Brief Encounter (1945)
Director: David Lean
Starring: Celia Johnson, Trevor Howard
Protagonists Laura Jesson and Dr Alec Harvey repeatedly meet by chance and, although married to other people, embark on a short affair that neither one of them will ever forget.
- Winner of the Grand Prize of the Festival at the Cannes Film Festival (1946)
- Nominated for three Academy Awards (1947): Best Actress in a Leading Role (Celia Imrie), Best Director and Best Writing – Screenplay
As soon as I finished watching Brief Encounter I sat and thought about the film, running through its plot and the moments that touched me with my boyfriend, who had not watched it with me.
Only now – hours later as I write this review – have I looked it up on IMDb and Wikipedia to find out more about the cast, crew and production. Instead of rushing to find out more about it, I wanted to sit with my thoughts and really think about what I’d watched.
“I’ve fallen in love. I’m an ordinary woman. I didn’t think such violent things could happen to ordinary people”
There are such eloquent turns of phrase throughout the film that I wrote several down as I was watching it. “I’ve fallen in love. I’m an ordinary woman. I didn’t think such violent things could happen to ordinary people” must be one of the most beautiful lines I’ve ever heard.
Spoken by Laura, to think of love as something violent demonstrates the turmoil she was experiencing after falling in love with a man who wasn’t her husband, knowing that her feelings weren’t frivolous or vulgar but on a much deeper level.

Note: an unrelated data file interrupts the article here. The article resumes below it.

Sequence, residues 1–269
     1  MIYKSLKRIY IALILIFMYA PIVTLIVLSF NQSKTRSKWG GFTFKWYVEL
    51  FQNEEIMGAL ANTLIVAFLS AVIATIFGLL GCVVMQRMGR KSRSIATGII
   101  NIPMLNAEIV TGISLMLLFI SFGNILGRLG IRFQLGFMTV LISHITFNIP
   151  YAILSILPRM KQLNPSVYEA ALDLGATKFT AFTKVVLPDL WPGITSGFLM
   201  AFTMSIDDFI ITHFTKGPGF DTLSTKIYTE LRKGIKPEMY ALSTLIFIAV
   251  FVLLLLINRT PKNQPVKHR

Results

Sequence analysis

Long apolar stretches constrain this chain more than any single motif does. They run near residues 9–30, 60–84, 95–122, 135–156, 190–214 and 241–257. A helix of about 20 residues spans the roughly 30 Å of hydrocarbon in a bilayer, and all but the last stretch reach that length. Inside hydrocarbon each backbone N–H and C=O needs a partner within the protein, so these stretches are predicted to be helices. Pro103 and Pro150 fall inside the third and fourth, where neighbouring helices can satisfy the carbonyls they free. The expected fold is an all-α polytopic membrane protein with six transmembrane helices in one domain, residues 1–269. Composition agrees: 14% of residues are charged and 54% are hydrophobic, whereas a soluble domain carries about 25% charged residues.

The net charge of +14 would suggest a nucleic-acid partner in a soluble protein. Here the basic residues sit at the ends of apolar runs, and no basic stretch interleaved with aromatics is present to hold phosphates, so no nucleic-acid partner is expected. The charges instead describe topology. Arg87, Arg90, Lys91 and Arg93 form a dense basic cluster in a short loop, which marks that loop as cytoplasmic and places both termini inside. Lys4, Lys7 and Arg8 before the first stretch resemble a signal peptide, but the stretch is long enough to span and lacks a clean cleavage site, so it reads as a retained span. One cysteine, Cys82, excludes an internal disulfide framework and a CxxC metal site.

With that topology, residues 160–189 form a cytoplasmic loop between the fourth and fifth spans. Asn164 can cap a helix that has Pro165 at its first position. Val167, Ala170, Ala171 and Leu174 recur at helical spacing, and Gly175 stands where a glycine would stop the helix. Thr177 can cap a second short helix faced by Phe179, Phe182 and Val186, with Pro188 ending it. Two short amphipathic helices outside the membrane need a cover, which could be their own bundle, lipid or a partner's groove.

To a modern audience – used to myriad relationships and personalities acted out on screen – the theme of adultery is nothing new, but to the contemporary audience Brief Encounter was risqué and indeed the film was banned by certain censorship boards on the grounds that it portrayed an adulterer in a sympathetic light.
“I got to the station 15 minutes before the last train to Ketchworth and then I realised that I had been wandering about for over three hours but it didn’t seem to be anytime at all”
The film is bookended with the same scene: Laura and Alec sitting in the refreshment room at Milford Junction. To start with Johnson and Howard’s performances seem emotionless – perhaps a little wooden – but once you understand what has passed between their characters you appreciate how much emotion is being portrayed.
Throughout the film the cast deliver exceptional performances. I caught myself smiling at Laura and Alec’s early encounters, and the playful banter between Albert Godby, Milford Junction’s ticket collector, and Mrs Bagot, the refreshment room owner, is very enjoyable. “Oh you look wonderful when you’re angry, just like an avenging angel,” said Albert to Mrs Bagot on one particular occasion.
While it is without a doubt Laura’s film, a mention must be given to her husband, Fred, who delivers an immortal line – “Thanks for coming back to me” – providing the second heartbreak of the film. Laura had fallen so passionately for Alec, but a thought must be given for Fred – had he noticed a change in Laura’s behaviour, did he realise that her mind and heart had been elsewhere?
Brief Encounter is beautiful, moving, written with only the most perfect words from the English language, and the timeless themes of love, joy, guilt, and heartbreak make Lean’s masterpiece continually adored by audiences decades after its release.